South Portland Police Chief Edward Googins, a vehement opponent, and Maine political director of the Marijuana Policy Project, David Boyer, debated over the proposal.
Googins continued to perpetuate the misinformation that marijuana is not safer than alcohol.
Boyer, on the other hand, argued that marijuana use is safer than alcohol use, which according to the U.S. Centers for Disease Control and Prevention, is attributed to 37,000 deaths across the country annually. Conversely, he noted that no deaths have been attributed to marijuana overdoses.
“Despite this potential harm of alcohol, most would agree adults should be able to responsibly use alcohol. Why should an adult of age to consume alcohol be prohibited from using or from possessing marijuana?” Boyer stated. “It’s time to move beyond ‘Reefer Madness’ and pass laws that make sense.”
In regards to the second point of contention, both Googins and Boyer agreed on ensuring marijuana stay out of the hands of children and teens. However, Googins argued that making marijuana legal would normalize the substance’s use and make it easier for youth to obtain. Boyer countered that marijuana is already prevalent and circulating throughout the community. A better approach would be to focus on preventing marijuana use among teens by allowing adults to purchase marijuana through licensed and regulated businesses.
“I don’t think kids should use marijuana,” Boyer said. “We need to be honest with our kids. Being dishonest with our kids and telling them alcohol is safer than marijuana is dangerous.”
The Current reported that a debate on the ordinance to make marijuana legal in South Portland will be held next week on Wednesday, October 22, from 7:00-8:30 p.m. in the auditorium of the South Portland High School, 637 Highland Avenue.
The South Portland School Department and Social Studies Department have arranged the event to give concerned residents the opportunity to educate themselves on the issues surrounding the referendum in South Portland prior to Election Day on November 4. If the referendum passes, it will allow residents to use and possess up to one ounce of marijuana, as well as allow the possession of paraphernalia.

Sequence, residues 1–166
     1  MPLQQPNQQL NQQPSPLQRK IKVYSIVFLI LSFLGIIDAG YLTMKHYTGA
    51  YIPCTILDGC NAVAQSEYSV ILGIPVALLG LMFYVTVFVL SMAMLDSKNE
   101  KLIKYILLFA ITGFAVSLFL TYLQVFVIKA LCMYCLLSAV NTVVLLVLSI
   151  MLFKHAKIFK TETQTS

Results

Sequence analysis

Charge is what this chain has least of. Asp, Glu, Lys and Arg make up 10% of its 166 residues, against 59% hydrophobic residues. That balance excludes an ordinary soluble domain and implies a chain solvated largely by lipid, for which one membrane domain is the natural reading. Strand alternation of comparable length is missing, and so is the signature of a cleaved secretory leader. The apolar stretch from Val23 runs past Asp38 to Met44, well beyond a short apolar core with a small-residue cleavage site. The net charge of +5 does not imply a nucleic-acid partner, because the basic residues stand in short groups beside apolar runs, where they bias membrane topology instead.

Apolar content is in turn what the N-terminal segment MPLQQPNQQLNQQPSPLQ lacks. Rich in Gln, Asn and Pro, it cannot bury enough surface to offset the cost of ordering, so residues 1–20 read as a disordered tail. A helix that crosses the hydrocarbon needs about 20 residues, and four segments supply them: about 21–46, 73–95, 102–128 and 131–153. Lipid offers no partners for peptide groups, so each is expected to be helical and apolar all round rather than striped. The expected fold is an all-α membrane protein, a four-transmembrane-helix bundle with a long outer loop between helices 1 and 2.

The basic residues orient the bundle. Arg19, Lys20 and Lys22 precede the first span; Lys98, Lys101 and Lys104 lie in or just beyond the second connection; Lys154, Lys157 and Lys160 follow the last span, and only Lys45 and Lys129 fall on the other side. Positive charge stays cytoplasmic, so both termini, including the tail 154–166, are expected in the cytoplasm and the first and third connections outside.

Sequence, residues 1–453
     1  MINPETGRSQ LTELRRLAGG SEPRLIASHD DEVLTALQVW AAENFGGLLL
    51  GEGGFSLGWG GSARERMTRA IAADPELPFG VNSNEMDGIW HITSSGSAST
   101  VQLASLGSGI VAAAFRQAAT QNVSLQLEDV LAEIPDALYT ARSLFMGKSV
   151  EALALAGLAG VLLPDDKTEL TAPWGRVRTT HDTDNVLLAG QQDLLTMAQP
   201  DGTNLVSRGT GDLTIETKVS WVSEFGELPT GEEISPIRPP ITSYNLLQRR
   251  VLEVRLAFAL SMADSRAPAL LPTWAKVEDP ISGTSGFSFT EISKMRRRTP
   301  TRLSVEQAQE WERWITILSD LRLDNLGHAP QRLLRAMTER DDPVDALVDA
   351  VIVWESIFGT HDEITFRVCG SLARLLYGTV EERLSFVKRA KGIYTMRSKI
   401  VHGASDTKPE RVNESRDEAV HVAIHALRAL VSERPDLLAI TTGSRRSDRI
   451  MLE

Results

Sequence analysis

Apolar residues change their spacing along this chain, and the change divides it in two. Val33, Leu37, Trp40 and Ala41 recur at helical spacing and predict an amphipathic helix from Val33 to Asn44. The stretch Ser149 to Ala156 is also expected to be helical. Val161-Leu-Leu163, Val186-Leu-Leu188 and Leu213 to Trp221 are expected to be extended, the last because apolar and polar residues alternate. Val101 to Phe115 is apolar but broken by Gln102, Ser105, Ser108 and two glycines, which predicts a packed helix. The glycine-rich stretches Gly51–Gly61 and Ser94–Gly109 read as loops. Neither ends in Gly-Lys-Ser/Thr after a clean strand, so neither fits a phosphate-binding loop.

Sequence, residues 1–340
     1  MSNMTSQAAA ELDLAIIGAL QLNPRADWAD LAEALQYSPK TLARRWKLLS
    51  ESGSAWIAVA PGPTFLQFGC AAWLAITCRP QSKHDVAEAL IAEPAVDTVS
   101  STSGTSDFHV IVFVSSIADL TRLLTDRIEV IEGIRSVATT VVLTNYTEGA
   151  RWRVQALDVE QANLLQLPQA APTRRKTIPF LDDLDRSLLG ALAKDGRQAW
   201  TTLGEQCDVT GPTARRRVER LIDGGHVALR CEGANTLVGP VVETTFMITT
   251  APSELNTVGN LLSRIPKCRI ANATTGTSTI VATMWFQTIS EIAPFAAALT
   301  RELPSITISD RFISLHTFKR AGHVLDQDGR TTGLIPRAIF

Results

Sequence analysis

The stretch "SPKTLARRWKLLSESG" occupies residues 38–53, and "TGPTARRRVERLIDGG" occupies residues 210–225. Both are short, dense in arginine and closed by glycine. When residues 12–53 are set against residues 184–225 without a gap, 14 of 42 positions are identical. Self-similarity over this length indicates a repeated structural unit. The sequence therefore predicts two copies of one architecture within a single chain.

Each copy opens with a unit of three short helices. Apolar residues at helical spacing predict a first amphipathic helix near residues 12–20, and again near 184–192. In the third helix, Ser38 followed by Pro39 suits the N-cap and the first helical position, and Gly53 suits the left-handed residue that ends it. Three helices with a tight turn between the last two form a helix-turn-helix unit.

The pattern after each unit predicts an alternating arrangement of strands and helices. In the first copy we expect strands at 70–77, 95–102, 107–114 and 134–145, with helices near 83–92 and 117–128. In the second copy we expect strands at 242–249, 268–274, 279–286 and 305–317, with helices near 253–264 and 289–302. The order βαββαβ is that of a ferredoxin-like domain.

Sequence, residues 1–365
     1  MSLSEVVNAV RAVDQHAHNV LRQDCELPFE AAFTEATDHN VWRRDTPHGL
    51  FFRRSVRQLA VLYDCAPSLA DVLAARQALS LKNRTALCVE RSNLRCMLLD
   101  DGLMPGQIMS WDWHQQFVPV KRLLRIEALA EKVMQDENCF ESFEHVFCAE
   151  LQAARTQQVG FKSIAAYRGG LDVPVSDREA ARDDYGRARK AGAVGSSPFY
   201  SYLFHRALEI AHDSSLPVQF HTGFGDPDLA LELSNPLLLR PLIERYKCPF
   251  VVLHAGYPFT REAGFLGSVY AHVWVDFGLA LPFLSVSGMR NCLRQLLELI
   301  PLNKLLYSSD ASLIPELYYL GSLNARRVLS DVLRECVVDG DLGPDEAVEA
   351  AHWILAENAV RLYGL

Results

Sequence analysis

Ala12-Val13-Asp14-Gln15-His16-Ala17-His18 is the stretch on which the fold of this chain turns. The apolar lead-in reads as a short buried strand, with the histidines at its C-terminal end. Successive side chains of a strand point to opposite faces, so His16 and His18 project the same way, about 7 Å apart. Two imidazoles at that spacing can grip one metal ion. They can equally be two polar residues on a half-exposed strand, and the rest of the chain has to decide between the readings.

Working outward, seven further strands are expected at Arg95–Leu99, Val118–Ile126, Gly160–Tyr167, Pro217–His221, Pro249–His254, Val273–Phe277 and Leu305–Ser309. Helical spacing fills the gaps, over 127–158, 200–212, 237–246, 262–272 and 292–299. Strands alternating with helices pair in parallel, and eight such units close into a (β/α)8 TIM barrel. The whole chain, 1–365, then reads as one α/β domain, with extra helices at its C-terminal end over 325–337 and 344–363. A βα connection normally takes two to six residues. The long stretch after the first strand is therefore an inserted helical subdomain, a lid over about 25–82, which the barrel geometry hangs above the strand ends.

Those participating in the debate include David Boyer, the Maine political director for the Marijuana Policy Project, who will be arguing in favor of the passing of the ordinance, South Portland Police Chief, Edward Googins, who will be arguing against the passing of the ordinance, and Susan Sharon, of Maine Public Radio, who will be moderating the debate.
Please support the South Portland referendum by attending the debate and encourage friends, relatives, and neighbors to do the same!
South Portland and Lewiston Referenda Highlight Conflicting Views on the Dangers of Alcohol Versus Marijuana
Bangor Daily News reported that South Portland and Lewiston, Maine voters, on November 4, will decide whether to make marijuana legal for the use and possession of up to an ounce for citizens 21 years of age and older.
David Boyer, Maine political director for the Marijuana Policy Project, said he believes South Portland will pass the ordinance.
“Prohibition has been a failure,” he said. “It’s done nothing to stop the flow of marijuana into the communities.” He added that “58 percent of Americans are ready to move forward with a more sensible marijuana policy,” citing a 2013 Gallup poll. “It’s illogical to punish adults for a substance that’s less harmful than alcohol,” Boyer also stated.
South Portland Police Chief, Edward Googins, on the other hand, vehemently opposes the ordinance.
“This issue for me as a police chief is that the initiative is not a good thing for our community or anywhere else,” Googins said. According to the chief, marijuana is more dangerous because it “continues to create and perpetuate other problems in society.” “Claims that marijuana is safer than alcohol are so bogus it’s not even funny,” he also stated.
The fact that Chief Googins believes that alcohol is safer than marijuana demonstrates just how misguided the opposition really is. In reality, studies show alcohol to be more toxic, more addictive, and more harmful to the body. The use of alcohol is also more likely to result in violence and injures than marijuana. Overall, the negative impact on the consumer, as well as on the community at large, is more significant when it comes to alcohol consumption; all the more reason to give responsible adults the option to legally use the safer substance.
The Portland Press Herald reported that advocates of making marijuana legal kicked off a campaign yesterday in support of upcoming votes on the issue in Lewiston and South Portland.